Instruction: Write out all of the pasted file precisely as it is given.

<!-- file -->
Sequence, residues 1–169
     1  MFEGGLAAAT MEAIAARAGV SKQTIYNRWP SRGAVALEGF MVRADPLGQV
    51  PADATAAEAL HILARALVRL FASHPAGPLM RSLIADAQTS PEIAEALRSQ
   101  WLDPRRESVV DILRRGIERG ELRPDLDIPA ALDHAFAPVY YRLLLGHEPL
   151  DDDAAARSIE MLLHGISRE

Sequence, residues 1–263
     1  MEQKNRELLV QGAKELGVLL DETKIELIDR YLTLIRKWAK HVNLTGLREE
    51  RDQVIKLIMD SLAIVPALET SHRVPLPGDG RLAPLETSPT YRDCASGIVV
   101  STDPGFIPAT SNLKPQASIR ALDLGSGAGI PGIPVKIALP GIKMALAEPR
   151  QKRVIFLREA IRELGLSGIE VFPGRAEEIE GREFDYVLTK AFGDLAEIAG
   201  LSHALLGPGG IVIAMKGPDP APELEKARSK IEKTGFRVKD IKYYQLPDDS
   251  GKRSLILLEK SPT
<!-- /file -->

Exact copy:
Sequence, residues 1–169
     1  MFEGGLAAAT MEAIAARAGV SKQTIYNRWP SRGAVALEGF MVRADPLGQV
    51  PADATAAEAL HILARALVRL FASHPAGPLM RSLIADAQTS PEIAEALRSQ
   101  WLDPRRESVV DILRRGIERG ELRPDLDIPA ALDHAFAPVY YRLLLGHEPL
   151  DDDAAARSIE MLLHGISRE

Sequence, residues 1–263
     1  MEQKNRELLV QGAKELGVLL DETKIELIDR YLTLIRKWAK HVNLTGLREE
    51  RDQVIKLIMD SLAIVPALET SHRVPLPGDG RLAPLETSPT YRDCASGIVV
   101  STDPGFIPAT SNLKPQASIR ALDLGSGAGI PGIPVKIALP GIKMALAEPR
   151  QKRVIFLREA IRELGLSGIE VFPGRAEEIE GREFDYVLTK AFGDLAEIAG
   201  LSHALLGPGG IVIAMKGPDP APELEKARSK IEKTGFRVKD IKYYQLPDDS
   251  GKRSLILLEK SPT